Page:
FYI: I heard you could ride under alma bridge road (like you want to go down the spillway) and there is a trail that takes you down to the los gatos creek trail. if you ride up the 'shoulder' of st joe's hill you can drop down. I guess that's what you did, but I'm surprised you walked! I'll know for sure tomorrow, I'm going to try and ride under the bridge, let's hope the trolls don't get me!

witness said...

This is one of the worst times to visit Pigeon Point lighthouse. Their on-sight historical staff are meerly there to guide the most unintelligent "party gathering" crew of withered California coast hippy burn-outs. They treat people who understand the operation and history of this beautiful landscape and the function of the lighthouse with the most utter disrespect. They have to cope with hundreds of morons who stumble upon the rickety and underfunded decks in order to see what they think are shooting stars (which sometimes they are) but mostly are bats or seagulls flying into the rays of the Fresnel lens light that shines out, gloriously for this event to take place for such an increasing crowd of morons.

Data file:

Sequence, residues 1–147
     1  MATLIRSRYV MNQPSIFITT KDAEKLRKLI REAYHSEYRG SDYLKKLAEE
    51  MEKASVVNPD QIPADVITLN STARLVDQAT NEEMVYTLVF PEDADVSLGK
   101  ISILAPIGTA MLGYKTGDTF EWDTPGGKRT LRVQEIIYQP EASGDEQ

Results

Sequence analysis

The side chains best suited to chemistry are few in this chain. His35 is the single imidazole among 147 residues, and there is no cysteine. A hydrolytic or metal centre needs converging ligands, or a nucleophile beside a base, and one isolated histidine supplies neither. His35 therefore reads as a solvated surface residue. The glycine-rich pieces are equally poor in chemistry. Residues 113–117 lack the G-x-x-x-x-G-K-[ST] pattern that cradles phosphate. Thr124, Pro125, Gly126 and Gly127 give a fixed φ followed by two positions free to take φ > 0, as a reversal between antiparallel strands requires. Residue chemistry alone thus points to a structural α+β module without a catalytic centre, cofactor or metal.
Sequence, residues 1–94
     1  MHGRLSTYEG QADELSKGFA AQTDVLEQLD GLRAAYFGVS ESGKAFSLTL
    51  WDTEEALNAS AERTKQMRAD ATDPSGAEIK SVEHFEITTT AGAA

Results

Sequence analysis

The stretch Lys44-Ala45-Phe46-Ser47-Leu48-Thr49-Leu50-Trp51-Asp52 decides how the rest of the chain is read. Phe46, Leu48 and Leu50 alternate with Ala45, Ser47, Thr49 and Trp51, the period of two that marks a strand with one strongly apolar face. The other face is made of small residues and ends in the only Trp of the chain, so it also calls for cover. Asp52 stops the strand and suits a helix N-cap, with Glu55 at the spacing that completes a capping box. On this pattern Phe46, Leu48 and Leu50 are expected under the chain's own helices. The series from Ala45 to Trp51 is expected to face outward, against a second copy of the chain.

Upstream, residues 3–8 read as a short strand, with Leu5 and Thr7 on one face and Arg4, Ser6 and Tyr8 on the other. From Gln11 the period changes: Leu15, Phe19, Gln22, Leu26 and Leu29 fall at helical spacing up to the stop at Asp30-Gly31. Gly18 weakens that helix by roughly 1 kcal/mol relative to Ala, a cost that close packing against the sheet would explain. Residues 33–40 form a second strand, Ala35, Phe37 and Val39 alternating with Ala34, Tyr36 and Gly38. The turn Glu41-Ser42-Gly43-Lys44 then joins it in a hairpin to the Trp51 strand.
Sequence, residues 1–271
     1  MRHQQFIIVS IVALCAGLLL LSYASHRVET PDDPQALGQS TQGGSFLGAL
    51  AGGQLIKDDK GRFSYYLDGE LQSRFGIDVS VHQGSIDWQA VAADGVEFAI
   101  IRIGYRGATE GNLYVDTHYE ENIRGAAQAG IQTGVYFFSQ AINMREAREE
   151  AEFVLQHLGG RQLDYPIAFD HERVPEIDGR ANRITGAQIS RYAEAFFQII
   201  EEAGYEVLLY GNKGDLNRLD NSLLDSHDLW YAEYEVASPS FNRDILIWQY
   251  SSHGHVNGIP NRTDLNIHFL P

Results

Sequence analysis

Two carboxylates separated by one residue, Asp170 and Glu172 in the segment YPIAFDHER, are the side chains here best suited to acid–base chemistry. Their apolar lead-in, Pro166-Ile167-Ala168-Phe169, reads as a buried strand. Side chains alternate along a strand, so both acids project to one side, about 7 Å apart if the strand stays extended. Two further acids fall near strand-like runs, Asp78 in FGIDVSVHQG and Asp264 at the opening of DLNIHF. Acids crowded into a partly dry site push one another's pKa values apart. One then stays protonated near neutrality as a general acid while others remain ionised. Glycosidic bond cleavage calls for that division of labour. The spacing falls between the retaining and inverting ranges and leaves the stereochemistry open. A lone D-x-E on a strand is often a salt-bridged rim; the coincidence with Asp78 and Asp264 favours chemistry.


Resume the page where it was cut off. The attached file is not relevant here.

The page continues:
I take this event and rate it the lowest possible achivement of coming out to anywhere along the Pacific coast in 2008. I'd have much more fun picking up trash that the other uncounted morons line the beaches with. If you plan to stand around a group of semi-talented photographers who have spent way too much money on equipment that they have very little merrit to promote and will not hesitate to yell from across a deck landing about certain lights that will ruin their otherwise unexciting compositions then look no further to gather at a historical landsite that over populates its facility with drunken trailer trash once a year just to promote the history of sea-bearing safety for those who really want to know. There are dozens of other more exciting lighthouses all around the world that you can make your plans to visit, just as long as you're not living off of disability checks and drinking whiskey allnight and like to yell idiotic complaints to those who are enjoying the event with your incompetent arguments about nothing in particular.
This isn't hate. This is a direct observation from someone who has been out to see the lighting of the Fresnel lens for years. This lighthouse has attracted too many wastrels and will probably start charging admission, forcing all of the trash to crawl around in their trailor parks in angst every November.
I hope this doesn't scare anyone who's willing to actually visit the lighthouse on any other day than the "overly populated November date of Fresnel Frenzy". Stay educated and avoid the flocks of those who envy your very existence.